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Good corporate governance

Good corporate governance

31-08-2016 | Insight

The principles of the International Corporate Governance Network are used to improve governance practices at listed companies as part of the good corporate governance theme. These principles have been designed so that they can be harmonized with specific local regulation and governance codes. They provide a reference point for engagement with Dutch listed companies during the shareholder-meeting season. But they are also used as a touchstone for example to discuss shareholder rights in Asia, or improvement plans for companies embroiled in corruption scandals in South America.

2016 AGM season in the Netherlands

During shareholder meetings, a company's board requests its shareholders to approve a number of proposals. Topics that regularly arise at shareholder meetings include the appointment of members to the Board of Directors and the Supervisory Board, authorizing directors to buy back or issue new shares, and requests for the approval of remuneration policies and financial statements. Over the last few years, Robeco and other institutional investors have built up good relationships with many listed companies in the Netherlands. The agenda points are always assessed and discussed with management prior to a shareholder meeting. They are sometimes amended or even cancelled after this such discussions. One example of engagement that led to cancelling an agenda item was at DSM. A proposal to the agenda was intended to extend fixed rate of return on preferential shares for another 5 years. This extension was contrary to the company's Articles of Association. Since there was insufficient support among ‘ordinary’ shareholders, who don't hold preferential shares, the proposal was withdrawn after various meetings, attended by various company representatives including the CFO. Speaking at a shareholder meeting also allows to address some issues that do not require a vote. At the shareholder meeting of AkzoNobel, various matters were discussed, including the company’s transparency in relation to its tax policy and a change to the performance indicators in its remuneration policy.

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Room to maneuver for companies and compliance with the principles

Among listed companies in the Netherlands, compliance with the Dutch Corporate Governance code is quite high. Generally speaking, the Code is implemented quickly. One positive example is IMCD, a chemicals distributor in Rotterdam. Shortly after the company's public listing, IMCD implemented the principles of the Dutch governance code. At the first public meeting of shareholders in 2015, IMCD reported only four exceptions to the implementation of this corporate governance code. At the second public shareholder meeting in 2016, the company reported just one exception.

Despite the strict compliance with the Dutch Corporate Governance Code in the past, there seems to have been a trend in recent years for directors to demand greater decision-making powers without first asking shareholders for approval. One example of this is the use of so-called ‘executive committees’. These ‘excos’ have become very popular among listed companies in the Netherlands over the last few years. An executive committee comprises of several executive management members, appointed directly by the CEO or the management. The appointment these members is not subject to shareholder approval. Another example is the demand for more extensive mandates for share issuance by directors. In the Netherlands, it was always customary for directors to issue no more than 20% of the company's authorized share capital in shares. Since this percentage is much higher in many other European countries, many listed companies requested a bigger mandate this year.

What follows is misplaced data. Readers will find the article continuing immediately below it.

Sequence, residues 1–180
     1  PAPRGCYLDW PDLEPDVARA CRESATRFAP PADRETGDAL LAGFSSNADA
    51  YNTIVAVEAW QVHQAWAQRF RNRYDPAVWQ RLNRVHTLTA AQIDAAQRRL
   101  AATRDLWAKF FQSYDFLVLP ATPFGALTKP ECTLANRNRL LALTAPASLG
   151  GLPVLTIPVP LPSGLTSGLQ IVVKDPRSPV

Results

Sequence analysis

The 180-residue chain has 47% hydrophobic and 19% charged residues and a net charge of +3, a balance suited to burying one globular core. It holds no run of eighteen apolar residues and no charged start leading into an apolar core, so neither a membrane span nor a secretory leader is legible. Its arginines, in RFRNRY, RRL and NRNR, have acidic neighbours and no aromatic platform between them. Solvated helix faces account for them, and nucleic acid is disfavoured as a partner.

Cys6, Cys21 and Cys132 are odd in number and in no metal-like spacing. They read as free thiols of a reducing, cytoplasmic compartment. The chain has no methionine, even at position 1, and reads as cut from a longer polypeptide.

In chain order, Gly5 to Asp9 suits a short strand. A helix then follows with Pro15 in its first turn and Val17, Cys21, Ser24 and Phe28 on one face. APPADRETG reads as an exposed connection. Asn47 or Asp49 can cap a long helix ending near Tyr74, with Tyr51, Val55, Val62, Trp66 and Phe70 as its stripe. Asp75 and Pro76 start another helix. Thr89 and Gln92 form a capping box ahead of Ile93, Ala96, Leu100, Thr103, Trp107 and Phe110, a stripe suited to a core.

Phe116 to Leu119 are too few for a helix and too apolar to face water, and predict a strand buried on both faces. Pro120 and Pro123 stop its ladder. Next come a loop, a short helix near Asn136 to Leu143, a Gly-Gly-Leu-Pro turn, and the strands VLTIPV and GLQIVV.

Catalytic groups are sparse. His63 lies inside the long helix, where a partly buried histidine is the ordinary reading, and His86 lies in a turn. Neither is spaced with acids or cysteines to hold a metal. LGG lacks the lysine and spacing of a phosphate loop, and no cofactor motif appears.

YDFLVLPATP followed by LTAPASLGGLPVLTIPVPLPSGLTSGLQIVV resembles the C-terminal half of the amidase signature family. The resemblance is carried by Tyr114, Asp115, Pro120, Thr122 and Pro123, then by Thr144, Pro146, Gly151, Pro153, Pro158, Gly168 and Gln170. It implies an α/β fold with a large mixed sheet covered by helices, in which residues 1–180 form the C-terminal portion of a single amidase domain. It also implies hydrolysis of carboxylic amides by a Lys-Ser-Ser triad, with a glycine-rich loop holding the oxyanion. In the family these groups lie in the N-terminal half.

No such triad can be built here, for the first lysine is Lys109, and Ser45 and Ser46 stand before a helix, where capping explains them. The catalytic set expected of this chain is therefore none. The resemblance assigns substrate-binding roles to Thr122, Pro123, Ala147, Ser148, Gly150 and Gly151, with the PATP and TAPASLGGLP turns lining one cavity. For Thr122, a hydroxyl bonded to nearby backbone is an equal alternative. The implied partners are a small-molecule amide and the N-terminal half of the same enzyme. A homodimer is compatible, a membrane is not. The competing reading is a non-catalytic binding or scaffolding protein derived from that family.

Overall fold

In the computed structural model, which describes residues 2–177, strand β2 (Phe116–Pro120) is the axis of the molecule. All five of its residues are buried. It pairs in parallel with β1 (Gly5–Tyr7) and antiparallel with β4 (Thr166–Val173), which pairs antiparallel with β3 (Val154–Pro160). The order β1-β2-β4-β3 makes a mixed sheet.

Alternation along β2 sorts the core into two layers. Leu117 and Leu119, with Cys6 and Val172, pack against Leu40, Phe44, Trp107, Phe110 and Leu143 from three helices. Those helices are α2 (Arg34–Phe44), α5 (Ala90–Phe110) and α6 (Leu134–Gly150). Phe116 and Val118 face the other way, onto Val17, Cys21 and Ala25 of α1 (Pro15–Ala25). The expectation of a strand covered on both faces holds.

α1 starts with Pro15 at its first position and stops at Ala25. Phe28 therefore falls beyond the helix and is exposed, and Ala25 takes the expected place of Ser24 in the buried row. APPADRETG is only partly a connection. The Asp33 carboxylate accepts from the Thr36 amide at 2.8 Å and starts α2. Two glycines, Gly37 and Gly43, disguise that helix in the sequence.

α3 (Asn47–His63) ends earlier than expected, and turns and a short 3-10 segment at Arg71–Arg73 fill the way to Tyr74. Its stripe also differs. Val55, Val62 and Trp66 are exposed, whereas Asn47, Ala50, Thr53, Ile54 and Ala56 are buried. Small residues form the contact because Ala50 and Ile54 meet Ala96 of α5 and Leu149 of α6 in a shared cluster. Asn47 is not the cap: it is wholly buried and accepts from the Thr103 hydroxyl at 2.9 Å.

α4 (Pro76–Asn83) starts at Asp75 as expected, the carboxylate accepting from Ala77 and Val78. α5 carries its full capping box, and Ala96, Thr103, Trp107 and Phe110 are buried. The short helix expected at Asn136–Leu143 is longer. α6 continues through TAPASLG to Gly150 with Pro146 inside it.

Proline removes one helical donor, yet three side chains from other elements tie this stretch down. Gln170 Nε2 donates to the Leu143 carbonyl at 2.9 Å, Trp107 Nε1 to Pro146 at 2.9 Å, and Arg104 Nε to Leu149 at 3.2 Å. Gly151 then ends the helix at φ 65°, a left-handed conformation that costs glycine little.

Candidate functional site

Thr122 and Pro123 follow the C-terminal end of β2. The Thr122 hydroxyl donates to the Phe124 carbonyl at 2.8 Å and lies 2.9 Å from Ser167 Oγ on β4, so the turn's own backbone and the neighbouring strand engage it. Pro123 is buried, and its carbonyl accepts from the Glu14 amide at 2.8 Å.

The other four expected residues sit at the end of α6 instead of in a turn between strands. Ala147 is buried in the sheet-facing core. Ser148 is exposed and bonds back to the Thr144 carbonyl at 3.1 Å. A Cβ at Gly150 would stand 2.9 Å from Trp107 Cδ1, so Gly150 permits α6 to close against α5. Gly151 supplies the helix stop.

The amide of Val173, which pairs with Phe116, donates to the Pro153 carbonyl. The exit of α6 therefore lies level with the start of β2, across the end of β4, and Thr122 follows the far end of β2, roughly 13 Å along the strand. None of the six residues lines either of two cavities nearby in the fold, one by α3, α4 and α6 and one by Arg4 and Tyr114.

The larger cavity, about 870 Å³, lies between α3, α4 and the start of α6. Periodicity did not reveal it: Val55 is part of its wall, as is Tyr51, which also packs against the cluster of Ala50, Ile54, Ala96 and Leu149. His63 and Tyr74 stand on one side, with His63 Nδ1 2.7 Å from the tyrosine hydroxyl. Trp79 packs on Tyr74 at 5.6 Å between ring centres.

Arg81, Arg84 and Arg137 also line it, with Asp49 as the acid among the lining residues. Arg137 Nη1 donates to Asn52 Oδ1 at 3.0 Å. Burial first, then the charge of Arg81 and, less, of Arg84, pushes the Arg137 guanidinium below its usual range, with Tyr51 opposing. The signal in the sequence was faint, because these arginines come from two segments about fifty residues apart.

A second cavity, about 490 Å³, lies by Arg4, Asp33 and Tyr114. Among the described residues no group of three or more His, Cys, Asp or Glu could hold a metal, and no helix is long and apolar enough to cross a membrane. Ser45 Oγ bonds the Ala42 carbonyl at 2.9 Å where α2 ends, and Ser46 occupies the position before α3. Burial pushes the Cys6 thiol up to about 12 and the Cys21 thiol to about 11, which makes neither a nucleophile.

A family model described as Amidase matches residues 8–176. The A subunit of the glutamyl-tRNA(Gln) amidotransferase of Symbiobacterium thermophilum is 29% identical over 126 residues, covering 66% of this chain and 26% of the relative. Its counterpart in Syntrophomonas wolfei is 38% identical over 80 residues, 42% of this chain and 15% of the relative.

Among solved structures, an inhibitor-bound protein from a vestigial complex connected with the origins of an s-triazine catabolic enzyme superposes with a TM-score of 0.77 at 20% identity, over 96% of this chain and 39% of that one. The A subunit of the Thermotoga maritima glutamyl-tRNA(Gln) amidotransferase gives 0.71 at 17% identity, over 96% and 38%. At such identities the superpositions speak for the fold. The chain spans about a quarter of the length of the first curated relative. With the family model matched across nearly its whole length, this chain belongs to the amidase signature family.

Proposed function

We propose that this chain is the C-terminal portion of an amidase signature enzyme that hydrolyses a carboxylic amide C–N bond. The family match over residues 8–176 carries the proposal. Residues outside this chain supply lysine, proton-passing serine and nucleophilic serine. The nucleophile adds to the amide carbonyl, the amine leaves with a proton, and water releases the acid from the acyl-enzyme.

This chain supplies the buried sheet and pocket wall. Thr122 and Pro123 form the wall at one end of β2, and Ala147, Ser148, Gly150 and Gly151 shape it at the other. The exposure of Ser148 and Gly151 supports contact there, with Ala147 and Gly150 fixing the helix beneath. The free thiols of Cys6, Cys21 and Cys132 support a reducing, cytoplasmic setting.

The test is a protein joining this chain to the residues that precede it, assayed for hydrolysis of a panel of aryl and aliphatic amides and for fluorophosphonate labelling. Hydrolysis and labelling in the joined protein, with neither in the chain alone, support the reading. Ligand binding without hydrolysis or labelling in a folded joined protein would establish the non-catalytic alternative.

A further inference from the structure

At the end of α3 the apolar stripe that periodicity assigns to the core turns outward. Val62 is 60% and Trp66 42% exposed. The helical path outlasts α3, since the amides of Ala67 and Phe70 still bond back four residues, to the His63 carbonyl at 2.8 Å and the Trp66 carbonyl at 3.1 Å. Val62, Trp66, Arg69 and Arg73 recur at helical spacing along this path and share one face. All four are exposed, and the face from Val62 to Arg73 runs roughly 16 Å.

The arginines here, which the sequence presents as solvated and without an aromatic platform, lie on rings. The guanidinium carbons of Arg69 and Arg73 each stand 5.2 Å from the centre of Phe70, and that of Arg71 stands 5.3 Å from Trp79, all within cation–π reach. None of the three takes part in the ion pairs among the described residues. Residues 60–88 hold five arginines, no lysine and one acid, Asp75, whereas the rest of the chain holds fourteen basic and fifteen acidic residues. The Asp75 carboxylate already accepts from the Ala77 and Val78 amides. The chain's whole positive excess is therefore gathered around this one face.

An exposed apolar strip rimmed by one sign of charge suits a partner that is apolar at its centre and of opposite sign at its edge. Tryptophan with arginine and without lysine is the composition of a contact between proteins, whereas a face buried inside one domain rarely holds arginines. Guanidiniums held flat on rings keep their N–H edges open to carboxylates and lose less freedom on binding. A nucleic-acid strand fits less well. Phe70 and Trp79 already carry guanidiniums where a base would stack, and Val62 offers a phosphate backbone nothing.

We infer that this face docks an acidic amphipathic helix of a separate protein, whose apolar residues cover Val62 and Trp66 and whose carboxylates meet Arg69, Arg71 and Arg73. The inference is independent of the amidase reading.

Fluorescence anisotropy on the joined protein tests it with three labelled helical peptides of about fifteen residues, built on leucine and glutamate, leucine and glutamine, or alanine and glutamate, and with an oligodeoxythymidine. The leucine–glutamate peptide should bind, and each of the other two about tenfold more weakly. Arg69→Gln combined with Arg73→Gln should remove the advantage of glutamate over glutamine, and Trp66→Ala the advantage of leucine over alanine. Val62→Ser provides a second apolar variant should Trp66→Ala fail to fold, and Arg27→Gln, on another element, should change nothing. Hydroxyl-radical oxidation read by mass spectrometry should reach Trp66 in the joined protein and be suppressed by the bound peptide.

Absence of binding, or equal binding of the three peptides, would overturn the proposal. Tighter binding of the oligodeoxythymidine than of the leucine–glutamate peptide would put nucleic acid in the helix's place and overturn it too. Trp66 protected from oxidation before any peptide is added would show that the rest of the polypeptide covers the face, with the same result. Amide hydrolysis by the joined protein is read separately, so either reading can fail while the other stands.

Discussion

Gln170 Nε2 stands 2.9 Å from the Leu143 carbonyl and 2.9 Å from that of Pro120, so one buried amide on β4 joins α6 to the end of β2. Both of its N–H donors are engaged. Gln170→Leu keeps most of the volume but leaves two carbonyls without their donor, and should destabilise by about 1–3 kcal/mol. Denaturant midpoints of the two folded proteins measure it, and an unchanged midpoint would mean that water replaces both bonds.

The interpretation of governance principles necessitates communication and is not static.

Listed companies in the Netherlands are obliged to report on the exceptions they make to the implementation of the Dutch Corporate Governance Code. What's more, they have to engage with shareholders if they require approval for changes to their company's governance. This process makes the corporate governance of companies a dynamic one. Where communication between a company and its shareholders is of a constructive nature, there is room for exceptions to the ‘best practice’ provisions, and strict regulatory compliance is not necessary. Corporate governance codes themselves are also subject to change. Over the course of 2015, the Dutch Corporate Governance Monitoring Committee started consultations for a new version of the corporate governance code. The proposed key changes relate to reporting on long-term strategy, risk management and the corporate culture. Another objective of the updated proposal is to simplify and clarify remuneration structures. Once the revised code takes force, these changes will form the basis of fresh discussions between Robeco as a shareholder and the Dutch companies it invests in. We expect the impact of the new Dutch Corporate Governance Code on companies to be discussed in the 2017 shareholder-meeting season.

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